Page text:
The improved surface finish works on both minimally lubricated or fully flooded drawing or piercing operations by creating an elastohydrodynamic lubrication (EHL) film between contacting sliding surfaces.
The lower surface finish will better support a fluid film “h” which will keep contacting steel bodies separated by a very thin film of oil and/or coolant. This lower surface finish will improve the lambda ratio which defines the multiple of the film thickness being generated as a ratio of the composite surface finish of the contacting sliding surfaces. Ideally the lambda ratio would need to be greater than 1.0 to begin full fluid film separation and disallow metal to metal contact. The composite surface finish is defined as the vector sum of the contacting steel surface finishes.
Precision Punch & Tooling offers:
Every standard finish tool we produce will have a radial grind orientation to the surface and will meet a surface finish of 9 -14 µin Ra. This surface is deemed adequate for most piercing and forming operations.
Our next best surface finish is an improved finish creating a surface finish which will meet a surface finish of 5 – 8 µin Ra. It is a finish which will give increased durability by reducing the opportunity of adhesive wear or galling.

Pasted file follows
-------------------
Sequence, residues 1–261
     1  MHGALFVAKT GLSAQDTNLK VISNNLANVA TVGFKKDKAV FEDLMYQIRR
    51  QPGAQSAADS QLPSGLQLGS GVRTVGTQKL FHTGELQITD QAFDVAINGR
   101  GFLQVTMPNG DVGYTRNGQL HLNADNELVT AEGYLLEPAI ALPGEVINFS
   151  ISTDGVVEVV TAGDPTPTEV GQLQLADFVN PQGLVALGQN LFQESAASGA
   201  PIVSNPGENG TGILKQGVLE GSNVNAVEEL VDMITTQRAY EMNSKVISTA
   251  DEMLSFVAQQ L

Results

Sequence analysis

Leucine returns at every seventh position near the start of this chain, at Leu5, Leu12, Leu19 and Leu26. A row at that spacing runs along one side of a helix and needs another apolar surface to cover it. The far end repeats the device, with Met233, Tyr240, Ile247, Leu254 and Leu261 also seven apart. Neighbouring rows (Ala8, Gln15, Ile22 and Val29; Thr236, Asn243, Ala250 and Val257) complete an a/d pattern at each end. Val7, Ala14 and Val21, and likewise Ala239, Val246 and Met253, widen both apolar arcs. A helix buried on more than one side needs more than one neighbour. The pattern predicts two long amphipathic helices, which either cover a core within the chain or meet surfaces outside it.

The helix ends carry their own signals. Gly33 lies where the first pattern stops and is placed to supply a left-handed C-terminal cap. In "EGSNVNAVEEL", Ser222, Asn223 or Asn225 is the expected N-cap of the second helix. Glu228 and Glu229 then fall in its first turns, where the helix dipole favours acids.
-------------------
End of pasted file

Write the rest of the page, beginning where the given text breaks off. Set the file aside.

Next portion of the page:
Premium Finish – Isotropic Finish
Our premium surface finish is a process which creates an isotropic finish which is the ideal combination of the topographical orientation of the punch surface relative to its axis. This surface condition has a random topographical lay and produces surface finishes of 2 – 4 µin Ra. This surface preparation prior to a coating also improves the performance of the coating as the coating will take on the surface topography of the underlying tool surface finish. This finish greatly reduces the adhesive wear or galling and extends the life of the tooling.
Choosing the Right Surface Treatment
P-Tride™ | P-Wear™ | P-Wear Extreme™ | MoST™ | Alcrona™ | TiN | TiCN | TiAIN
Balinit C | Electroless Nickel | CrN
Wear resistant surface treatments offer great benefit to stamping tools when applied appropriately. While there are many good surface treatments and processes to choose from, Physical Vapor Deposition (PVD) coatings are ideally suited and typically the best option to use on precision slip and press fit punch components.
Selecting the right surface treatment and substrate tool steel combination is critical for achieving optimum tool life. PVD coatings provide excellent abrasion and galling resistance while maintaining the integrity of many substrate tool steels. These coatings work best when applied to high speed tool steels such as M-2, PM-M4, and T-15. A few select cold work tool steel grades can also be PVD coated successfully as long as they maintain at least a 60 HRC when tempered at or above 1,000 degrees Fahrenheit.
It is important to note that the PVD process is a line of sight process, which may limit the ability to coat interior contours and features. For these applications, nitriding, which case-hardens all exposed surfaces, is recommended.